For all those involved in building Europe, the enlargement of the European Union rouses both excitement and worry. Excitement because it marks the final reconciliation of Europe’s people 47 years after the project was conceived; worry since it represents a critical test of the fragile nature of the construction and its modest internal and external means of regulation. Even Europe’s most committed proponents question and doubt the Union‘s ability to overcome the challenge posed by the number and extent of its various disparities.
In this respect, 2003 seemed to lend weight to the idea that the reunification of Europe was an unrealistic project. In February, at the height of the Iraqi crisis, the term “new Europe” was used to describe the countries of Central and Eastern Europe as opposed to the old Western Europe which was assimilated with a cautious, fearful and stubborn attitude. The choice of term was unfortunate in the circumstances. Taken out of context it is even more regrettable and indeed fallacious. Further differences seemed to surface last autumn, first that which divided smaller and larger states at the Intergovernmental Conference on revising Europe‘s institutions, then that which emerged between contributing and receiving countries as regards the financial implications of the Community budget for 2007-2013.
As this report will explain, my view is that a new Europe is emerging, but it has nothing to do with what happened last year. It is pointless looking for the new Europe at European Council of Ministers’ meetings or in negotiations where weightings for qualified majority voting are fought over time and time again. Instead the new Europe can be found in the progress made in terms of European integration at the grassroots level – locally or regionally – and in the trans-European economic and social networks that are influencing the flow of goods and ideas, governance and the management of public services, working methods and political projects. In fact, the new Europe is taking shape in the many facets of trans-European cooperation.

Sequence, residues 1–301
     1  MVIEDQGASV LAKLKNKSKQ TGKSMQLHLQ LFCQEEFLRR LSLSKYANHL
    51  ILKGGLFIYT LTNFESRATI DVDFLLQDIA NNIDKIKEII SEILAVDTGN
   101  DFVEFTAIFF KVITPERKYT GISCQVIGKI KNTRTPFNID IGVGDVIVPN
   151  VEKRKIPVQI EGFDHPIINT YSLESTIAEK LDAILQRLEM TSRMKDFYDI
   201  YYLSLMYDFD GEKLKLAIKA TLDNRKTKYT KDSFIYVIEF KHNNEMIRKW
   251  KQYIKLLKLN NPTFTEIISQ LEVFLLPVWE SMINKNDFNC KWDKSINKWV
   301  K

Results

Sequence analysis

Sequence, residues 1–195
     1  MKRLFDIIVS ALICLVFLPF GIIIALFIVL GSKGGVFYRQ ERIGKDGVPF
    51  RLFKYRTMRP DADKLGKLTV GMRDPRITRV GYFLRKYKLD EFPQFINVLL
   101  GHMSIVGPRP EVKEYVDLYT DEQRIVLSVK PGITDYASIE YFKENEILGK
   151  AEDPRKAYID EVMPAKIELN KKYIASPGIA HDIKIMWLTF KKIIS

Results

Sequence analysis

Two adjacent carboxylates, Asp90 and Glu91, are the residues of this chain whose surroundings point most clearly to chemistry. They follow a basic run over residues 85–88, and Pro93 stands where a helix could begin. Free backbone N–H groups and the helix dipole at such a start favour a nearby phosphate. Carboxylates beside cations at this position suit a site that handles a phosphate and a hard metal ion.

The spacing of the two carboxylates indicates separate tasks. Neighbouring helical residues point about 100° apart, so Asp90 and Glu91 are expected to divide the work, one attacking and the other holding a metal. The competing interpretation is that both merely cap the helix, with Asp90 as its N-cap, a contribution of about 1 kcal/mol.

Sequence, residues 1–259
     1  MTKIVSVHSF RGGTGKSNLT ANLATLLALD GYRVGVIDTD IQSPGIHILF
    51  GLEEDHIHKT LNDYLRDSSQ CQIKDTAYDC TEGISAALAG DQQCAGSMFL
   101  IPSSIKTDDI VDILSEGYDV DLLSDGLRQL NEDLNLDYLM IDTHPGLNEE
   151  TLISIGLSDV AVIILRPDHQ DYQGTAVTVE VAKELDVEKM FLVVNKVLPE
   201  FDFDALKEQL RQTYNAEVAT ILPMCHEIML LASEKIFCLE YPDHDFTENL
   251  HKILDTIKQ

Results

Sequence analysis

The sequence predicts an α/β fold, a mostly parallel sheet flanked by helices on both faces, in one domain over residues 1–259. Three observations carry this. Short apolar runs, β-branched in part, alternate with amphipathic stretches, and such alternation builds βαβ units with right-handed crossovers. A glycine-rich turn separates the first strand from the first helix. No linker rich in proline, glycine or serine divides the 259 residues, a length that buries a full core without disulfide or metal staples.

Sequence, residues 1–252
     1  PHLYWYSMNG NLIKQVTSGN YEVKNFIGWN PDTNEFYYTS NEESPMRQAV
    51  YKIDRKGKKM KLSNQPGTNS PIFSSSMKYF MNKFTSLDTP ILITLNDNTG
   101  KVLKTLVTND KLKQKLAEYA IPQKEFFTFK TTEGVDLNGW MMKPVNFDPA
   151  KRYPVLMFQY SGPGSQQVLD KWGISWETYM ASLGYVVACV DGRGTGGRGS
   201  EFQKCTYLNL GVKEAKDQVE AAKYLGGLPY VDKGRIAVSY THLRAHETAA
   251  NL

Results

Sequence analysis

Admittedly, these changes remain minor, but they have nonetheless begun to take place over the past ten years. They form part of a long-term phenomenon that will probably not end for another decade or so. But at a time when the European Union is growing with ten new members, these transformations are particularly important, since they will better enable us to cope with the challenge of having over 500 million people live in a cohesive Europe. Over and above the constitution, which is crucial but which will ultimately provide no more than a framework, the new Europe needs to devise and implement appropriate financial and regulatory instruments.